Combining the SNaP news ontology with other domain specific ontologies

The SNaP news ontology includes a basic Stuff domain model for modeling real world entities so they can be annotated against news assets (stories etc). Now there are many cases where you might want to use an existing specialised rich domain model to semantically annotate your news assets with, using an ontology that your consumers already may understand. At the Press Association we have joined Stuff to the Sport and Programmes ontologies (both built by the BBC) such that we can still contractually bind to the SNaP ontology. This will allow you to build applications and APIs based on SNaP while gaining the richness of these specific domain models.

Joining SNaP onto the Sport ontology

Within the Stuff domain model all entities inherit from pns:Tangible and pns:Intangible parent classes and a simple parent property (pns:notablyAssociatedWith) exists that relates pns:Stuff to other Stuff. Bringing in an additional domain model involves identifying the correct class to inherit the target classes from, and identifying which properties in the target domain are candidates for simple notable associations between these classes. These join points for the sport ontology are as follows: SNaP-Sport join points

In order to implement this we need to create the RDF that asserts these relationships as follows :

@prefix pns: <http://data.press.net/ontology/stuff/> .
@prefix pne: <http://data.press.net/ontology/stuff/> .
@prefix sport: <http://purl.org/ontology/sport/> .
@prefix rdfs: <http://www.w3.org/2000/01/rdf-schema#> .

sport:SportsDiscipline rdfs:subClassOf pns:Intangible .
sport:Competition rdfs:subClassOf pne:Event .
sport:SportingOrganisation rdfs:subClassOf pns:Organization .
sport:discipline rdfs:subPropertyOf pns:notablyAssociatedWith .

Joining SNaP onto the Programmes ontology

Joining onto the Programmes ontology similarly involves identifying the correct classes and properties in Programmes : SNaP-Programmes join points

Joining SNaP to Programmes and then creating the appropriate RDF to make this happen :

@prefix pns: <http://data.press.net/ontology/stuff/> .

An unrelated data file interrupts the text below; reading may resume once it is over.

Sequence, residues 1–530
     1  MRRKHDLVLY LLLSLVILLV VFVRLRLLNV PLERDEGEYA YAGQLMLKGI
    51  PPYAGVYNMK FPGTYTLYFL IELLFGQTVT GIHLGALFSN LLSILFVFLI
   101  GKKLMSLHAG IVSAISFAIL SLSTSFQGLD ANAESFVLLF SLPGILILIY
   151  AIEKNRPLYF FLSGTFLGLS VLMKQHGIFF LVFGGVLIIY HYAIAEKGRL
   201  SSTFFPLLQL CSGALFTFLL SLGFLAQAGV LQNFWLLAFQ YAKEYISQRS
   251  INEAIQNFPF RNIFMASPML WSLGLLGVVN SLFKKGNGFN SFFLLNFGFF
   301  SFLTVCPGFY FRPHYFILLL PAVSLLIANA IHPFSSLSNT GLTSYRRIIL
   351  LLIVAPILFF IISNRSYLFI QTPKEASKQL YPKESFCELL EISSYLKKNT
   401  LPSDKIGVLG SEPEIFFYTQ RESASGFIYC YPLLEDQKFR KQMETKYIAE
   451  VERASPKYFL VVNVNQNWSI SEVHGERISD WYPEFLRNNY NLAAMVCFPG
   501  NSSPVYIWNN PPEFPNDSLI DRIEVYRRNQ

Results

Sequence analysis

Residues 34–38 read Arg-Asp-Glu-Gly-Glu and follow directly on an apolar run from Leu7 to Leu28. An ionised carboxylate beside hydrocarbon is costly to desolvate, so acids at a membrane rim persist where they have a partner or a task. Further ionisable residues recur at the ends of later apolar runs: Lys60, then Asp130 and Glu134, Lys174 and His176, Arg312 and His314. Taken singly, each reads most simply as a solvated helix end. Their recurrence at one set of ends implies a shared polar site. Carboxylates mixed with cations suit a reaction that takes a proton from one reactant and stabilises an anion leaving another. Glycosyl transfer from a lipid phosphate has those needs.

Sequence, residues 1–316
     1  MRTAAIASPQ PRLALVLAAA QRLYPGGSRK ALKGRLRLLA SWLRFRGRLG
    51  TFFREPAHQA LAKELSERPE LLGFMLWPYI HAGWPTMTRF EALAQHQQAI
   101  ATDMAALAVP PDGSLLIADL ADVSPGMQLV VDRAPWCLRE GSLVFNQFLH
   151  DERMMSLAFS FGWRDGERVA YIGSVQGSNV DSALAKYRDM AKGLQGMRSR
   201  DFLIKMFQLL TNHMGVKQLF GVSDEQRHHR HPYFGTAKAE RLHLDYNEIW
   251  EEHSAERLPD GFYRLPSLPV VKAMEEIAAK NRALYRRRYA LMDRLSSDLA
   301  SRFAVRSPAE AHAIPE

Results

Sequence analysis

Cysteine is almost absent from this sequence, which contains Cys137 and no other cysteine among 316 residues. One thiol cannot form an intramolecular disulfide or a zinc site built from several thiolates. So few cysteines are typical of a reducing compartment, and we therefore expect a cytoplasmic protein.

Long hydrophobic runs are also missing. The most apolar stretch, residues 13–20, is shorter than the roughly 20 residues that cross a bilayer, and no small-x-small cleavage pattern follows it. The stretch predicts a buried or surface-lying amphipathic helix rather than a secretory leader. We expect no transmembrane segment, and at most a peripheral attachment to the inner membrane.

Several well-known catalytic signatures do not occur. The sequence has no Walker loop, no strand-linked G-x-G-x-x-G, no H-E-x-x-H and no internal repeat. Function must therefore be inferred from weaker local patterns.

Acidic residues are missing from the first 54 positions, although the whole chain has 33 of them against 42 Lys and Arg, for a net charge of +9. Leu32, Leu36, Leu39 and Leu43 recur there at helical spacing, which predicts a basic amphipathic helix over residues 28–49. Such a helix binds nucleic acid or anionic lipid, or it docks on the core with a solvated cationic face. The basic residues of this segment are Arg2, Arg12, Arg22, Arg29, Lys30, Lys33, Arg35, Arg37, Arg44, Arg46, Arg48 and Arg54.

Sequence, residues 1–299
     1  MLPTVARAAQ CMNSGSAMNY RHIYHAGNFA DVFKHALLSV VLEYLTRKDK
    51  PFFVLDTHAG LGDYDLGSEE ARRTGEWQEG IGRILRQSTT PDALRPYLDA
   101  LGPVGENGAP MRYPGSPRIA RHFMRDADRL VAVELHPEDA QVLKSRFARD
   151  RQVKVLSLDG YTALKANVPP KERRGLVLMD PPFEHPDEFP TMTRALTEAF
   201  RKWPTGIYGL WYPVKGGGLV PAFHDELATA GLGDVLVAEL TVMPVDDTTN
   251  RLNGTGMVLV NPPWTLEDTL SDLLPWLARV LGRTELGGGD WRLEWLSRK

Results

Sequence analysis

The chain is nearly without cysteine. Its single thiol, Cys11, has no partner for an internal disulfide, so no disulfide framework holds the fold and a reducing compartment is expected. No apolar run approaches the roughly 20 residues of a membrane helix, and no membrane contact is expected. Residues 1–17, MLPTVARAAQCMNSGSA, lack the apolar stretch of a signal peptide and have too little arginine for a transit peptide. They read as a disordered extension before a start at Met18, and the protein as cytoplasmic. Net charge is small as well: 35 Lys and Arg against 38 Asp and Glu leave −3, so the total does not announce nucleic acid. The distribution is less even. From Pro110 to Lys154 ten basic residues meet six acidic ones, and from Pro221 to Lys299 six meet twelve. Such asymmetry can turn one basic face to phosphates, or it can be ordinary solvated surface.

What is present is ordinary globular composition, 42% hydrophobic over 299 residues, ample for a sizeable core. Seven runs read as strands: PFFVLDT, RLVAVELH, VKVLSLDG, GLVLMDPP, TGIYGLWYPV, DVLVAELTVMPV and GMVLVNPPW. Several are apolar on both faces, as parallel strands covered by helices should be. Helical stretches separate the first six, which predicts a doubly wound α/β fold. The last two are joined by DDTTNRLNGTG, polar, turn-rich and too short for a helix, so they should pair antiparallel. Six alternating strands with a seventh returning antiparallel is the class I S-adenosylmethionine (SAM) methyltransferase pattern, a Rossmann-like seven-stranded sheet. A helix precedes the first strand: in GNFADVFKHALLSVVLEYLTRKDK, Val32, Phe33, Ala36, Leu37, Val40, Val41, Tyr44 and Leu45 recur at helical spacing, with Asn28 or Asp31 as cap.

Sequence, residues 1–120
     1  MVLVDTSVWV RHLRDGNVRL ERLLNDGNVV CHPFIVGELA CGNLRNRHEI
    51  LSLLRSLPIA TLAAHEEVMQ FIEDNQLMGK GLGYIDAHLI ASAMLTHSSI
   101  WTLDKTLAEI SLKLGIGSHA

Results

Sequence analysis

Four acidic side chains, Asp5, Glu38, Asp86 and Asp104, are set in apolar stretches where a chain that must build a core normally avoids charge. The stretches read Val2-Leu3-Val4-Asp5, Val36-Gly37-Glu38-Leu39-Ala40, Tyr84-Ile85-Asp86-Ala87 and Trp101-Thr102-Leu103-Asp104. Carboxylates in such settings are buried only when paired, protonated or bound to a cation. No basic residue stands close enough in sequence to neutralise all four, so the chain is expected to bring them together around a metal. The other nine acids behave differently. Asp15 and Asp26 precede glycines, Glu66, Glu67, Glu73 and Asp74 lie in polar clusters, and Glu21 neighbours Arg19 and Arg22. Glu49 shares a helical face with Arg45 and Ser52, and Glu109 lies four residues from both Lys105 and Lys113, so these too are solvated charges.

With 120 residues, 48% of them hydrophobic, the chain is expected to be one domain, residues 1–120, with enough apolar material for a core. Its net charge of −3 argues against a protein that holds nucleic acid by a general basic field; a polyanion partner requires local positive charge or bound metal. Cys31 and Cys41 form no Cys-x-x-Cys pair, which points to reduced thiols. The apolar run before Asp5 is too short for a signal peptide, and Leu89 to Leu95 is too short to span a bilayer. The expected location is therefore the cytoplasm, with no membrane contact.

@prefix po: <http://purl.org/ontology/po/> .
@prefix rdfs: <http://www.w3.org/2000/01/rdf-schema#> .

po:Programme rdfs:subClassOf pns:Tangible .
po:Outlet rdfs:subClassOf pns:Tangible .
po:actor rdfs:subPropertyOf pns:notablyAssociatedWith .
po:anchor rdfs:subPropertyOf pns:notablyAssociatedWith .
po:producer rdfs:subPropertyOf pns:notablyAssociatedWith .
po:director rdfs:subPropertyOf pns:notablyAssociatedWith .
po:commentator rdfs:subPropertyOf pns:notablyAssociatedWith .
po:director rdfs:subPropertyOf pns:notablyAssociatedWith .
po:news_reader rdfs:subPropertyOf pns:notablyAssociatedWith .

This now allows us to mint instance data for Programmes and Sport entities using these rich domain models, while retaining all functionality provided by our applications built on the core SNaP ontologies. An example of this is the semantic annotation service. This service analyses news content and annotates the text with linked-data entities found in the text. Disambiguation of entities is enhanced using ontological proximity via the pns:notablyAssociatedWith relationship in the Stuff ontology. For example if is notablyAssociatedWith , and an exists with the same label as , if the labels for A and B are both identified in the text, then A would be chosen over C due to its ontological proximity with B.

By ensuring the properties identified above in the Sport and Programmes ontologies inherit from pns:notablyAssociatedWith the semantic annotation service will continue to provide disambiguation of sport and programmes entities via ontological proximity with no change required to the code as the semantic annotation rules are bound to the Stuff ontology.